• Breaking News

    Russia removes ban on nuclear cooperation with Iran

     
    MOSCOW: President Vladimir Putin on Monday eased restrictions on Russian companies working on Iranian enrichment sites as he travelled to Tehran for his first visit since 2007.
    A decree Putin signed on Monday enables Russian firms to help modify centrifuges at the Fordo enrichment site and help Tehran redesign its Arak heavy water reactor.
    Russian companies can now also carry out activities linked to Iranian exports of enriched uranium of more than 300 kilograms in exchange for the supplies of natural uranium to Iran, the Russian decree said.
    Under a historic July deal with world powers, Iran agreed to dramatically scale back its nuclear programme, making it much more difficult for it to develop nuclear weapons.
    Tehran agreed to slash by two-thirds the number of centrifuges, machines that can “enrich” or purify uranium to make it suitable for peaceful uses but also for a nuclear weapon.
    Russian companies are eyeing business opportunities after sanctions on Iran are lifted, expected in the next two months, as the nuclear deal reaches its “implementation” stage.
    Putin arrived in Tehran on Monday for talks with supreme leader Ayatollah Ali Khamenei and President Hassan Rouhani, with the Syrian conflict expected to be high on the agenda.
    The one-day visit will also see Putin take part in a summit of gas exporting countries.

    Russian jets hit 472 targets in Syria

    Moscow on Monday said its warplanes had hit 472 targets in Syria in the past two days, including tanker trucks and oil infrastructure in territory controlled by the militant Islamic State (IS) group.
    “In 141 combat sorties in the past two days, warplanes of the Russian Air Force struck 472 terrorist targets in the provinces of Aleppo, Damascus, Idlib, Latakia, Hama, Homs, Raqa and Deir Ezzor,” the Russian defence ministry said in a statement.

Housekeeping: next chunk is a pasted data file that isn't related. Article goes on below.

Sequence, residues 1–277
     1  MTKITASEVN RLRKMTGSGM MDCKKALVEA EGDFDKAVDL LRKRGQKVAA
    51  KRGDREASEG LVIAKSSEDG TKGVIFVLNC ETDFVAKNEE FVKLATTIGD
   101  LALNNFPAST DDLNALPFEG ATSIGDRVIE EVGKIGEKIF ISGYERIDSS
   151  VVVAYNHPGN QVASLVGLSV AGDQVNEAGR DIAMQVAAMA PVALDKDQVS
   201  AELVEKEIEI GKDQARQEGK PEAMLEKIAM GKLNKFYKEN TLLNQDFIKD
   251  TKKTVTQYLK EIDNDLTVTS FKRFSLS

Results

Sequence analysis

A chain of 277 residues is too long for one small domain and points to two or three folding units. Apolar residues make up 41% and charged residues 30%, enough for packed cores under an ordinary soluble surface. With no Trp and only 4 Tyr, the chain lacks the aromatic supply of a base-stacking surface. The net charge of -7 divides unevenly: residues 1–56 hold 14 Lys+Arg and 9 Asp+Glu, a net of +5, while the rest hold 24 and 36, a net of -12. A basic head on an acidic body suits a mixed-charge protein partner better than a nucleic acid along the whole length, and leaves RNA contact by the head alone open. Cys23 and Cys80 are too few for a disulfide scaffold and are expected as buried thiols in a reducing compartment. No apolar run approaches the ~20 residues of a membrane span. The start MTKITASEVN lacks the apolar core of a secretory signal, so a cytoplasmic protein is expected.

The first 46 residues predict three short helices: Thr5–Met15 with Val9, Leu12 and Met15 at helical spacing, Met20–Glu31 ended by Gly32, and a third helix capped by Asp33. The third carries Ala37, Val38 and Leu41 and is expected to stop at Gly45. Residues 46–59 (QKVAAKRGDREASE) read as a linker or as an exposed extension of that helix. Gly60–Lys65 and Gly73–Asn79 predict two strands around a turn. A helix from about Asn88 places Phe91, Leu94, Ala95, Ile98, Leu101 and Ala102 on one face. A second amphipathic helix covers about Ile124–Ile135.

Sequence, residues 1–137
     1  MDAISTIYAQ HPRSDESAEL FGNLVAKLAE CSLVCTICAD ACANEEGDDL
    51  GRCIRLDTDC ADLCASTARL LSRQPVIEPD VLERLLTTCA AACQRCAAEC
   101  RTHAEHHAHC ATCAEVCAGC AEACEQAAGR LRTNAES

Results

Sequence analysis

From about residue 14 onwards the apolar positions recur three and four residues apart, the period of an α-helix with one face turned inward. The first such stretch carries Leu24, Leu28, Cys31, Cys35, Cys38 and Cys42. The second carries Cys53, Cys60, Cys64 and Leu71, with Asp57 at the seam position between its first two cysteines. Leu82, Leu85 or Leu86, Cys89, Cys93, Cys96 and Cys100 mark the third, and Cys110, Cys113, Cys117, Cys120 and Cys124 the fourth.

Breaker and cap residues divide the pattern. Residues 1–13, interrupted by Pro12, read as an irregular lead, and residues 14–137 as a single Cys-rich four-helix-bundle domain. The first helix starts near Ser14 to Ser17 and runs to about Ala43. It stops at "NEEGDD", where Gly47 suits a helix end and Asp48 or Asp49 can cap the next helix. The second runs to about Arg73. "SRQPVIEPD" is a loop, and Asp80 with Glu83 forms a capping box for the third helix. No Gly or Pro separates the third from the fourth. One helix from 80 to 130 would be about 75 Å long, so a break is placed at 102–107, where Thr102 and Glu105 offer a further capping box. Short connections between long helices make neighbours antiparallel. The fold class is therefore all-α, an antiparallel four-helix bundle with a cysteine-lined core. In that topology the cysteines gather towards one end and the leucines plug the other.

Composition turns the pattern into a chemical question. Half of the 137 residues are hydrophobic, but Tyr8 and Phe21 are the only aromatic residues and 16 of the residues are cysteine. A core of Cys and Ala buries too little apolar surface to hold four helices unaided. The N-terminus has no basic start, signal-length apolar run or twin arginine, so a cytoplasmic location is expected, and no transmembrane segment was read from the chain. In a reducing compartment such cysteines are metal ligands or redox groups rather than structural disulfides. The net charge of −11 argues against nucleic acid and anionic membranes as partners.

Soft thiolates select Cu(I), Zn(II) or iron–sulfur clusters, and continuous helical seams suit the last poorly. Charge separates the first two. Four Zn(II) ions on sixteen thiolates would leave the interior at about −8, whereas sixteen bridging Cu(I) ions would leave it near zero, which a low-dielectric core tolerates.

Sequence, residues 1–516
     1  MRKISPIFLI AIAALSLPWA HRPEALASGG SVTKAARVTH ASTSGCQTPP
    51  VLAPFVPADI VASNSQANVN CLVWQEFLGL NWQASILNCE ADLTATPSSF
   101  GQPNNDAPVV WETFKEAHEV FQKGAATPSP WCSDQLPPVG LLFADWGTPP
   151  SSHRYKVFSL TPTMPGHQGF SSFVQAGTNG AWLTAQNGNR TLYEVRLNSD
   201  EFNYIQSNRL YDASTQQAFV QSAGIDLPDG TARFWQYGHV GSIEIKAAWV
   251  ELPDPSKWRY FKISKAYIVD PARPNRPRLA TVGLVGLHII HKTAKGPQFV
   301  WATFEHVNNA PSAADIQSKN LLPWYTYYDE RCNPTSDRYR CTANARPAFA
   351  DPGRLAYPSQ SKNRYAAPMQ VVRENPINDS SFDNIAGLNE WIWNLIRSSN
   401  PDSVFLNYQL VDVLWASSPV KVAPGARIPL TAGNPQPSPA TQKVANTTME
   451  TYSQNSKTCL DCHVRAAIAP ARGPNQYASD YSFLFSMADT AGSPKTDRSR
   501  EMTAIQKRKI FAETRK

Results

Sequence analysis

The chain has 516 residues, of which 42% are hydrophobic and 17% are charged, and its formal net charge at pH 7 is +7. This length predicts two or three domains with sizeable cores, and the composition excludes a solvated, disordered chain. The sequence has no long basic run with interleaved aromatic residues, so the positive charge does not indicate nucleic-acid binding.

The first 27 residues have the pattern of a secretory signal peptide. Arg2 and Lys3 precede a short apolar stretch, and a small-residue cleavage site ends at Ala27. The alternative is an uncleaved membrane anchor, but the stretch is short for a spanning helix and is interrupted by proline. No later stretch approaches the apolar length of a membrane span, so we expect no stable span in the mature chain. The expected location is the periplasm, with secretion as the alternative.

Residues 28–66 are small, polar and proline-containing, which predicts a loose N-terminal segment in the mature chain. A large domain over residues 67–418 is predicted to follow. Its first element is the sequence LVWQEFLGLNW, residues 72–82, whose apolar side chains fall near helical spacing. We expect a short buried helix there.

The military said that the latest strikes had destroyed 80 tanker trucks near the IS stronghold of Raqqa, as well as a large oil storage tank and a oil refinery south of the city.
    Fuel reserves some 50 kilometres north of Deir Ezzor were also destroyed in the strikes, the defence ministry said.
    The Russian defence ministry said last week that it was “hunting” oil transporters in a bid to cut IS financing and claimed that in the past five days some 1,000 fuel trucks had been destroyed.
    The Russian military said that “terrorists” had suffered “serious losses” in Saraqib, a city in the northwestern province of Idlib province, and in the town of Qalaat al-Madiq in the Hama province.
    President Vladimir Putin last week ordered the intensification of Moscow's bombing campaign in Syria after confirming that the Russian passenger plane that crashed in Egypt's Sinai last month, killing all 224 people on board, had been brought down by a bomb.
    Assad said in an interview published Sunday that government troops were advancing on “nearly every front” thanks to the Russian air strikes, with Syrian state media reporting the regime had taken control over Maheen and Hawareen in the southeast of Homs province.

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